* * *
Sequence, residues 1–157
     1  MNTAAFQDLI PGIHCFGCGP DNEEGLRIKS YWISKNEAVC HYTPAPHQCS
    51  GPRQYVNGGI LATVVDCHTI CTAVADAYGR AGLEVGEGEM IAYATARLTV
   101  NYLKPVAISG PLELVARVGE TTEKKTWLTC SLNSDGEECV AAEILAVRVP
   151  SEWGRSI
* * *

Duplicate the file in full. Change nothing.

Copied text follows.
Sequence, residues 1–157
     1  MNTAAFQDLI PGIHCFGCGP DNEEGLRIKS YWISKNEAVC HYTPAPHQCS
    51  GPRQYVNGGI LATVVDCHTI CTAVADAYGR AGLEVGEGEM IAYATARLTV
   101  NYLKPVAISG PLELVARVGE TTEKKTWLTC SLNSDGEECV AAEILAVRVP
   151  SEWGRSI